Why Exclusive Listings Matter
November 22, 2022
You’ve probably become accustomed to seeing “Exclusive! Coming Soon to the MLS!” on For Sale signs, but that will be ending, come January.
On a property, the term exclusive simply means the property is for sale with a specific agent and not listed on the Multiple Listing Service (MLS).
The reason you won’t see that term any more is that as of January 2023, the Canadian Real Estate Association (CREA) is changing the rules for exclusive listings and limiting the use of exclusive listings to almost nothing. The reason this matters is that CREA is restricting sellers’ right to list their home the way they want to.
The vast majority of properties for sale in Canada are listed on the MLS, which anybody can access through realtor.ca. The benefits of being publicly listed is that all realtors can see a home is for sale, which leads to more showings and potentially, a higher sale price.
However, in some circumstances, sellers opt to sell privately, or sell exclusively through one realtor and their brokerage.
Nobody really knows how many homes sell when they’re listed exclusively because when a home sells privately, the data isn’t easily accessible. CREA is moving to eliminate this option because it is trying to control the data.
One reason somebody would want to consider listing exclusively is that they’re on the fence about selling. They may sign a listing agreement with me so that if I find a serious buyer, I can show their home to that buyer.
The contract is the same document we use when listing a property on the MLS, only you initial ‘Exclusive’ rather than MLS.
It allows me to list your property for a minimum of 24 hours and lets me show your home to a potential buyer. If I bring you an offer that’s negotiated and accepted, you agree to pay me a certain amount of money which could be a dollar amount or a percentage, plus HST, which is often less than paying a full 5% commission in a traditional sale.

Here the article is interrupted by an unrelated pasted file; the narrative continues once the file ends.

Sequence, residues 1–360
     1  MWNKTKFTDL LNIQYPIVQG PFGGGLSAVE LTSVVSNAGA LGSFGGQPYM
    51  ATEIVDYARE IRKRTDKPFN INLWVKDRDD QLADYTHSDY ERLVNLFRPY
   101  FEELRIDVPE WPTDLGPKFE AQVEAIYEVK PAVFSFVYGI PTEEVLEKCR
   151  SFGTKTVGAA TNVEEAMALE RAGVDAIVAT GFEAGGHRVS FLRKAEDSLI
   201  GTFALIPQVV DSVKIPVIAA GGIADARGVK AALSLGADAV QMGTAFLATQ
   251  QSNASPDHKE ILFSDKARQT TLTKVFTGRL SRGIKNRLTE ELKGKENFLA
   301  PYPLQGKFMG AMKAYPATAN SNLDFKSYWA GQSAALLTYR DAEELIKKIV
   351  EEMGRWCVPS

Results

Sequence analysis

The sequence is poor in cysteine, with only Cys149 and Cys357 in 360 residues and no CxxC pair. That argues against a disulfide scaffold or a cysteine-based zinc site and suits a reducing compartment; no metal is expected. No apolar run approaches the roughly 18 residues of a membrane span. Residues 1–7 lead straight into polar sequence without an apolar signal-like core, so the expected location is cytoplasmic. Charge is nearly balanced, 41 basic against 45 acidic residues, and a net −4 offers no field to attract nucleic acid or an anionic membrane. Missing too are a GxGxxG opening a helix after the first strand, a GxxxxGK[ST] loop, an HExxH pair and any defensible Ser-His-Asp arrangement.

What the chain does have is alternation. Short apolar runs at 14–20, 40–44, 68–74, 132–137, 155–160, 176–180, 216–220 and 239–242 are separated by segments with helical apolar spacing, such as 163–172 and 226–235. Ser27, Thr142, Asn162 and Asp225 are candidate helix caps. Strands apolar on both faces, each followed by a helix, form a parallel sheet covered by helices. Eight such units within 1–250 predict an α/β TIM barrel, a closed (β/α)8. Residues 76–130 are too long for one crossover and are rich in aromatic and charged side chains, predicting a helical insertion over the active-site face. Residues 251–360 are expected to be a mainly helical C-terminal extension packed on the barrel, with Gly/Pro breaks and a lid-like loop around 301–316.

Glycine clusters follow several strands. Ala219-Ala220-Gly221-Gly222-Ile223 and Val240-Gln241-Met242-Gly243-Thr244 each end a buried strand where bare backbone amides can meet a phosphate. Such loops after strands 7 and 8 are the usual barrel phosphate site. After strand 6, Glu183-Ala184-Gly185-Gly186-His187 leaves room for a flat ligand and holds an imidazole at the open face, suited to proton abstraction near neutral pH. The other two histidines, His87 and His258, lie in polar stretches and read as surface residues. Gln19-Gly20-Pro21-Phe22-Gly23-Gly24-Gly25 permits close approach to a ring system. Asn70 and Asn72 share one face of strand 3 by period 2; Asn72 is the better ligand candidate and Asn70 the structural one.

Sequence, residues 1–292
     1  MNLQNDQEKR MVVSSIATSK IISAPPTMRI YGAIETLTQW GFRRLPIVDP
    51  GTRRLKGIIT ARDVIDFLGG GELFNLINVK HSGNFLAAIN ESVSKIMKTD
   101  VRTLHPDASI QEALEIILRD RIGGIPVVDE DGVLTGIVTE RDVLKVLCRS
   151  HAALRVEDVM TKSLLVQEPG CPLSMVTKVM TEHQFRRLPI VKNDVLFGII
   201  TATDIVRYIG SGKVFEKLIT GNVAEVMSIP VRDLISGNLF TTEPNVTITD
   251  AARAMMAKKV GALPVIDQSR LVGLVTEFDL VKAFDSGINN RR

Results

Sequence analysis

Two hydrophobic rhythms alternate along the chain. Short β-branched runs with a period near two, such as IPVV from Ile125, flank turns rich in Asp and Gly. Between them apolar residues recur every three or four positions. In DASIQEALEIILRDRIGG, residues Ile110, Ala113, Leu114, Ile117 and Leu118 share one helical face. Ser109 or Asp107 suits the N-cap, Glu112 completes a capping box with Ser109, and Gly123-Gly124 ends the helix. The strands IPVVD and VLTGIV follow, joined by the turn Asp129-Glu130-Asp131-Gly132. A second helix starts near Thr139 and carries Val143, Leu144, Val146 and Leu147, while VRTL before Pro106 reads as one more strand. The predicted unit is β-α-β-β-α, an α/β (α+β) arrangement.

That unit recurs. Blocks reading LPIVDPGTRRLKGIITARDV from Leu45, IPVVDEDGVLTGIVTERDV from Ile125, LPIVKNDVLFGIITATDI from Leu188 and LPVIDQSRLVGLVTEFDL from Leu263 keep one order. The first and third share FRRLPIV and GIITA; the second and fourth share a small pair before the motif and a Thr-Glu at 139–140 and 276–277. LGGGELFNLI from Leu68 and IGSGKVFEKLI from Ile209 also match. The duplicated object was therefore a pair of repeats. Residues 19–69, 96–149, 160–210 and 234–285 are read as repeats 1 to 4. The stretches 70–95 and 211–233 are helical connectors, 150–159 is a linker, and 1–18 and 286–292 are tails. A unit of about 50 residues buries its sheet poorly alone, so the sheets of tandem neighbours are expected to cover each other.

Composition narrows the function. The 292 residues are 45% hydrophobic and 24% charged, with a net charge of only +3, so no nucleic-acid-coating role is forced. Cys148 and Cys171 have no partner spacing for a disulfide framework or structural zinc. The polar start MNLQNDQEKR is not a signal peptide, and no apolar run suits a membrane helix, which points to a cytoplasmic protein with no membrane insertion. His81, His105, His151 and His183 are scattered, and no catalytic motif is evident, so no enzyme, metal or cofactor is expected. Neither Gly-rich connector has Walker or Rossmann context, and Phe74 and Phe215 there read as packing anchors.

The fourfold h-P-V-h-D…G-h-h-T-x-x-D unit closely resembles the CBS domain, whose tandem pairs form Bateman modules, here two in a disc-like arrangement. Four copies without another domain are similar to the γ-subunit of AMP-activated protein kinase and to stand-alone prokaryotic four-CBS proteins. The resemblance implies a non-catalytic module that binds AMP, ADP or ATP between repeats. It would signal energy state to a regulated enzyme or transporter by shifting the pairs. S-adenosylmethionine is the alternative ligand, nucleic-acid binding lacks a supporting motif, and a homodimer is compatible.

Moving forward, sellers will have to list their homes on the MLS, which requires a minimum agreement of 60 days. You can terminate the agreement at any time, but then you’re forever in the system as having tried to sell your house for 24 hours.
The benefits of having an exclusive listing:
Buyers who come through an exclusive listing tend to be more focussed.
Although preparing a home for going to market is always advised, a seller may not have to go through the process of staging if the exclusive listing is only required to show one buyer through the property.
Another instance when an exclusive listing can work is when a seller wants their property on the market, but the timing may be off. Let’s say they want to list it at the beginning of December, which even during a boom time, is slower. An agent may list the home exclusively for a few weeks, marketing to their network, their brokerage and through their own social media, before putting it on the MLS when the market is busier. This way, the home appears to be a new listing and doesn’t appear as having languished on the market for weeks, which can raise suspicions.
Sometimes a buyer is looking for a specific property or a home in a particular neighbourhood. A realtor can go door to door or send a letter, saying they have a buyer who’s looking for that kind of property or location.
The agent can ask for a 24 hour listing, show the buyer the home and the seller agrees to pay the realtor’s brokerage a commission. The home never hits MLS, there are no showings, no staging and no worrying about a property being on the market for weeks on end.
Privacy is also an issue. I think your sale price should be private. If I were to sell exclusively, I’m also doing it because I don’t want people to know what the final sale price of my property is, and I don’t want somebody to know how much money I got.
When a home is listed on the MLS, anybody can register with HouseSigma, or similar sites, to see how much properties sold for.
If someone really wants to know how much a home listed exclusively sold for, it’s on the land registry. This information is only available to registrants and even then, I’d have look up a specific property to see if it sold.
Over the years, I’ve assisted many sellers using exclusive listings where the seller was approached by a realtor or buyer directly and the seller requires assistance with the paperwork. In these cases a nominal commission is negotiated. Why should that sale go on the public system? The property wasn’t marketed, so it’s not a true indication of value as it didn’t get exposed to a large pool of buyers.
As with anything, there are positives and negatives when it comes to exclusive sales, but I think that sellers should have the option to list their homes the way they want to.
If you have any questions about exclusive sales, or just want to talk real estate, please get in touch!